With mobile phone theft growing into a national epidemic – 1 in 3 robberies in the U.S. involve phones, per the Federal Communications Commission – cell phone manufacturers such as Apple and Samsung have suggested the introduction of a “kill” switch that would disable a stolen device. However, according to San Francisco District Attorney George Gascon, service providers including AT&T Inc., Verizon Wireless, US Cellular, Sprint. and T-Mobile ordered the removal of a pre-installed anti-theft software called Absolute LoJack, prior to shipment of Samsung’s phones earlier this year. Wireless carriers contend that the kill switch leave customers exposed to the risk of hackers shutting down users’ mobiles remotely.
The selling of stolen smartphones is becoming quite a lucrative business, particularly in larger urban areas such as San Francisco and Washington DC, where they account for 40%, or more, of total robberies. They are then sold on the streets for hundreds of dollars to a customer base that is only concerned with the savings realized against much higher in-store retail prices. In 2012, roughly 174 million mobile phones were sold in the United States alone, amounting to nearly $69 billion in sales. New York Attorney General Eric Schneiderman recently cited a June study indicating that stolen phones cost consumers over $30 billion last year alone. Technology, lawmakers contend, is a simple fix to this growing trend. Chuck Wexler, executive director of the Police Executive Research Forum, points to sharp declines in automobile theft the past several years, due to increased use of technology to catch and deter thieves, as proof that technological solutions would likely have a great impact.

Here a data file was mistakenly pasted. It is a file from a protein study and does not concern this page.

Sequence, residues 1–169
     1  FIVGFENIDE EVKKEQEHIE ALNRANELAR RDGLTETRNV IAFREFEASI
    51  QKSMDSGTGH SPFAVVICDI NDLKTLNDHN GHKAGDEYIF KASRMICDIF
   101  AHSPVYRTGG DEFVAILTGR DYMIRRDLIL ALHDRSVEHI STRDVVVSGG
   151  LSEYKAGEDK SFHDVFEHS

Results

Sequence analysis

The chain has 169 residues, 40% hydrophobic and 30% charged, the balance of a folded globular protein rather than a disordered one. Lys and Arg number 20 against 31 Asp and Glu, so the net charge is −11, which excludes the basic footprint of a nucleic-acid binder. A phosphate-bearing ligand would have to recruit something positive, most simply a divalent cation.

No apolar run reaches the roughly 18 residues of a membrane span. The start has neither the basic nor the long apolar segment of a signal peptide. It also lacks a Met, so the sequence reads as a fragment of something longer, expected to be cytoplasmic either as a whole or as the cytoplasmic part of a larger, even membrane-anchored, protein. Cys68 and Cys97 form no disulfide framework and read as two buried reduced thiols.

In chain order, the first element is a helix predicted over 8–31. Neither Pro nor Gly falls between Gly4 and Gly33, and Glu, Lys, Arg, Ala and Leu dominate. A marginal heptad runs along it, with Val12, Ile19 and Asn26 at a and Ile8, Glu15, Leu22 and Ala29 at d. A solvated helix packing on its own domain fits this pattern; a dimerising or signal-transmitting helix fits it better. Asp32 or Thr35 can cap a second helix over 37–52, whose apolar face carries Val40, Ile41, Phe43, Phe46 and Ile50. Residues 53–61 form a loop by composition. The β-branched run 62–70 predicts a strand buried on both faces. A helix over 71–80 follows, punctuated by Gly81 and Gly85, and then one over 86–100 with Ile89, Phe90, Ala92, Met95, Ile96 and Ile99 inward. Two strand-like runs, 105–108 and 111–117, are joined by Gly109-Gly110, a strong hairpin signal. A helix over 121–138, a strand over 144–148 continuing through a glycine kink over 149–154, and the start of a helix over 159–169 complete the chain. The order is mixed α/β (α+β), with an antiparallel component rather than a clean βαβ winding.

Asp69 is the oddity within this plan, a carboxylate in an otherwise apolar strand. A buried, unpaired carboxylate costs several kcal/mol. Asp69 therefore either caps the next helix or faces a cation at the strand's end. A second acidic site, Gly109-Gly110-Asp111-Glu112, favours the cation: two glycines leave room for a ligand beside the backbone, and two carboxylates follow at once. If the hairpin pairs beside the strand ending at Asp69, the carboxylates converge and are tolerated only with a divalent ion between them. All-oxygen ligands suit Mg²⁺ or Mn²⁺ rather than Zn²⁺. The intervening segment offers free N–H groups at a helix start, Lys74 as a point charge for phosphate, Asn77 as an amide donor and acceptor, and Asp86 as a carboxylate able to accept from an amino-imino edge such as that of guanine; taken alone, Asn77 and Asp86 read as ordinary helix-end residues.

A technological solution, says Gascon, is cheaper than criminal solution because it saves taxpayers the expense of prosecuting and jailing would-be criminals . He adds, “We know that the technology can be developed to prevent this. This is more about social responsibility than economic gain.”
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